5. 5. ployed person taking part in a project is zero, or equal to the individual’s utility from leisure.If it is assumed that the labour market is in equilibrium we know that the student’s utility from leisure is at least as large as the wage they could have had if they had chosen to work. If the student had been employed prior to education this is a good ap- proximation of the value of the production losses. 2.1.3.The value of the personnel in the alternative case Implementing a new education programme requires more working hours for university teachers. It may be difficult to obtain information about their activity in the alternative case. However, a reasonable assumption is that the value of their contribution to production in the alternative case is the same as the cost that arises in the programme that we study. Another possible outcome is that the university values the experience of the teacher gained from working with net-based training compared to traditional face-to- face (if this is the alternative) and that this is expressed as an increase in wage that otherwise would not have been the case. If so, the added value of increased knowledge should be included in the analysis. 2.1.4.The value of the premises in the alternative case Provision of net-based programmes involves the use of uni- versity premises to some degree. Streamed video lectures need to be recorded, teachers and administrative staff need offices and so forth. Furthermore, if face-to-face meetings with the students are scheduled, premises are needed. The use of these premises has an alternative value.Therefore the cost (such as rental and depreciation) should be included. 2.1.5. Depreciation of inventories As in the case of premises, inventories such as office furni- ture and equipment have an alternative use and therefore an alternative cost that needs to be considered.The depre- ciation value is the best approximation to the alternative cost for inventories. 2.1.6. Goods and services If development and implementation of the programme is associated with the purchase of goods and services, they have to be included in the calculation of the total cost. A service could for example be promotion costs paid to an advertising agency. 2.2. Quantification of costs and benefits Estimations of future production values as well as different costs are by nature associated with a high degree of uncer- tainty. When conducting case studies, surveys and official labour market statistics can be used in order to quantify costs and benefits. Calculations of production losses can be based on wages that are reported in the surveys, i.e. the wage prior to the education programme. For several reasons, it is very difficult to predict future production values, e.g. to what extent is higher education expected to affect labour market behaviour such as labour supply and retirement age? Some assumptions have to be made, e.g. that labour market behaviour is not affected by the individual’s education choice. The assumption of simi- lar labour market behaviour between the two cases is a very simplified assumption that may be questionable, e.g. in a re- gional analysis it is likely that education and career choices do affect migration decisions. Furthermore, it is difficult to estimate future productivity changes; one (risky) assumption is that productivity increases are the same between the two cases, i.e. the case where the individual chooses the educa- tion programme (the case observed) and the alternative case where the individual stays in the former occupation. A cost-benefit analysis of a net-based programme or a course necessitates that the departments and other or- ganisations involved in the development and performance of a programme identify and estimate all costs. This in- cludes direct as well as indirect costs. It is important to note that the figures that appear in the budget are not the true alternative costs. However, it is reasonable to assume that these figures represent the value of the resources in the alternative case, e.g. why should the value of a computer or a teacher be different in another situation? Some costs may be difficult to estimate, e.g. extra time spent by ambitious teachers in the development phase. One way to collect this data is to perform interviews and ask involved teachers about time spent outside work time. 2.3. Calculation of net present values An education programme gives rise to costs today while the main benefits arise in the future; i.e. production val- ues up to the year of retirement. Future costs and benefits 16 http://rusc.uoc.edu rusc vol. 5 n.º 1 (2008) | issn 1698-580x Niklas Hanes Sofia Lundberg E-learning as a Regional Policy Tool: Principles for a Cost-benefit Analysis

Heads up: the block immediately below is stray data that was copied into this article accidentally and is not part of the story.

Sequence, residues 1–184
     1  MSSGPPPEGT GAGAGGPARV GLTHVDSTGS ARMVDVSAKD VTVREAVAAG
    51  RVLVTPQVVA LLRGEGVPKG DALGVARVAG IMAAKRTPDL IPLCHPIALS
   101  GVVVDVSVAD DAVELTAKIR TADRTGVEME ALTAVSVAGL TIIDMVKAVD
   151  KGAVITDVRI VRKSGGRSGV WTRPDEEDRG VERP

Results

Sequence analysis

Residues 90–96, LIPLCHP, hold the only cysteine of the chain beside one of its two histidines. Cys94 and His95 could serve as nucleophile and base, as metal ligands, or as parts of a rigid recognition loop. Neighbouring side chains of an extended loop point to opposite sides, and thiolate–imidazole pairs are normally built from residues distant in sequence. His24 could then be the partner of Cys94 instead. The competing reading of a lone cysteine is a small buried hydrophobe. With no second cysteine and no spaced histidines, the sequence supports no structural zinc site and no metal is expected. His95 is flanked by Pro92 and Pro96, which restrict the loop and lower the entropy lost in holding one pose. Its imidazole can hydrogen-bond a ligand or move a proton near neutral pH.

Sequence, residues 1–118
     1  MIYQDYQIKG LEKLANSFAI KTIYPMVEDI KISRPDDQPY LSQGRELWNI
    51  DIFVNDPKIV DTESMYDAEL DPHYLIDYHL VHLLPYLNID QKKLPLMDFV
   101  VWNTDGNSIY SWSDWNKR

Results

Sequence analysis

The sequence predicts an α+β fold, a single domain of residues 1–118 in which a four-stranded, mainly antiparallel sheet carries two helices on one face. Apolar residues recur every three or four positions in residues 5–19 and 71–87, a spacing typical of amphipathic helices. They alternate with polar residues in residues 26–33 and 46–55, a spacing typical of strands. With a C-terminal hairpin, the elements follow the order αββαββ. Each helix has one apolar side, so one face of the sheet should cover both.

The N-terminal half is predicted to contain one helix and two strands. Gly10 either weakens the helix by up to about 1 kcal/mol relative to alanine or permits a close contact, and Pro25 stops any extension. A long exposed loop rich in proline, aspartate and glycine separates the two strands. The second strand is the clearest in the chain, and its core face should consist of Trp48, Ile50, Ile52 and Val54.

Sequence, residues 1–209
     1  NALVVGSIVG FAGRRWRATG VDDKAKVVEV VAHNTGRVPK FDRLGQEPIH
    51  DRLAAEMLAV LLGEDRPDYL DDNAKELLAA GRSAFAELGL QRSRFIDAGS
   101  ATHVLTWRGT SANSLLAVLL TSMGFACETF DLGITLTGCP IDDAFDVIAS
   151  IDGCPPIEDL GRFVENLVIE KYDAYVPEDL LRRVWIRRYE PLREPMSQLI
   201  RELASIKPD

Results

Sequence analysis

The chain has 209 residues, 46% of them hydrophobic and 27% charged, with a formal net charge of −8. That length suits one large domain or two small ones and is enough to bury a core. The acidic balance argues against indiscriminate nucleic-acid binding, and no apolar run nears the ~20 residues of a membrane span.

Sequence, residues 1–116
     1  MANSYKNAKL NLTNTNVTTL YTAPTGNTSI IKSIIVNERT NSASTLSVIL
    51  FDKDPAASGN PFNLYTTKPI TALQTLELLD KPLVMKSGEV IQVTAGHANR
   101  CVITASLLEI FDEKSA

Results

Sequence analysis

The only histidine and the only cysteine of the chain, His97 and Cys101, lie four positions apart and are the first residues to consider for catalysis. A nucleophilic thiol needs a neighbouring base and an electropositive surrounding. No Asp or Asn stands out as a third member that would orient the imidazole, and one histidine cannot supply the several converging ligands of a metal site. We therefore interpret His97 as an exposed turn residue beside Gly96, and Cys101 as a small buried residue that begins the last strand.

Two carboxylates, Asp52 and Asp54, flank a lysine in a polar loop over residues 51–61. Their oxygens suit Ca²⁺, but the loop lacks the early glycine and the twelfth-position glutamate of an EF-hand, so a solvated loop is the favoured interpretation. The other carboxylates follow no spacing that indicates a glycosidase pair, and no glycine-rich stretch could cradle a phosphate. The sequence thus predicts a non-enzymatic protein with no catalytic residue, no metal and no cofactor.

6. 6. have to be discounted in order to be comparable. A project requires resources today, which means that consumption opportunities today are restricted. A positive discount rate implies that individuals prefer consumption today com- pare to consumption in the future. The basic criterion is that the discount rate should reflect the individual’s time preference discount rate. In a perfect market economy the time preference rate equals the interest rate that reflects the individual’s choice of consumption today and in the future. In reality there is no unitary interest rate. Since the choice of discount rate to some extent is arbitrary, the ef- fect of different rates should be analysed. 2.4. Decision criteria The net present value is used as the decision criteria in this analysis. The costs and benefits are discounted to present values and if the discounted benefits exceed the discounted costs, the net social benefit is positive.6 2.5. Sensitivity analysis There are several sources of uncertainty in the analysis.Thus, it is very important to evaluate how sensitive the result is for small changes in key variables. One key factor in the cost- benefit analysis is the discount rate. A higher discount rate implies that the present value of future benefits and costs decreases. Due to the fact that the choice of discount rate is arbitrary to some extent, it is important to evaluate how sensitive the result is to changes in the discount rate. 3. A case study of a nursing programme In this section we briefly present some results from a case study of a nursing programme in Sweden.The discussion is mainly based on Fåhraeus and Lundberg (2002) and Lund- berg (2005).The case study illustrates a possible strategy for analysing an e-learning programme in the context of a social cost-benefit analysis. Some key questions are highlighted in the case study, e.g. is it possible to reach new student groups that otherwise would not have participated in traditional on-campus education? Are there quality differences between e-learning programmes and on-campus programmes? A nursing programme provided on campus by Umeå Univer- sity has been used as a comparison. One purpose of the case study is to discuss net-based higher education as a regional policy tool. Different interests at the national, regional and local level are identified which may affect the implementa- tion of this kind of investment. Some key elements of the case study are now briefly discussed. An extensive survey has been used to collect data de- scribing student characteristics. The survey contained ques- tions including those concerning age, family, education, oc- cupation prior to education and labour market outcome. Background The inland of the northern part of Sweden is sparsely populated and the majority of municipalities are struggling with depopulation and shrinking tax bases.The region has, for a long time, been characterised by negative net migra- tion, a process that is driven by labour market conditions and people moving away for higher education. One con- sequence of this development is that there is the risk of a shortage of human capital within some areas, for example health care. The nursing programme analysed in the case study was initiated by Academy North, a consortium of 13 municipalities as a direct response to the lack of nurses in the region. The nursing programme was hosted by the Lycksele municipality (130 km from Umeå), where a study centre was located. The nursing programme was provided by the Nursing Department at Umeå University. Stakeholders One important aspect is that several stakeholders are in- volved, with three main stakeholders, the Academy North, the Ministry of Education and Umeå University sharing the costs for the programme. It is important to identify the stakeholders since the outcomes for the different stake- holders may constitute important restrictions for the im- plementation of this kind of project. In this paper, the in- vestment decision is seen from two perspectives, Academy North and the national government. This is done in order to highlight the regional dimension of the investment. The national government provided resources to the same extent as for on-campus education; added costs for 6. Net present value = ∑Bt (1+i)-t - ∑Ct (1+i)-t , where B is benefits, C is costs , i represents the discount rate and t the time period. 17 http://rusc.uoc.edu rusc vol. 5 n.º 1 (2008) | issn 1698-580x Niklas Hanes Sofia Lundberg E-learning as a Regional Policy Tool: Principles for a Cost-benefit Analysis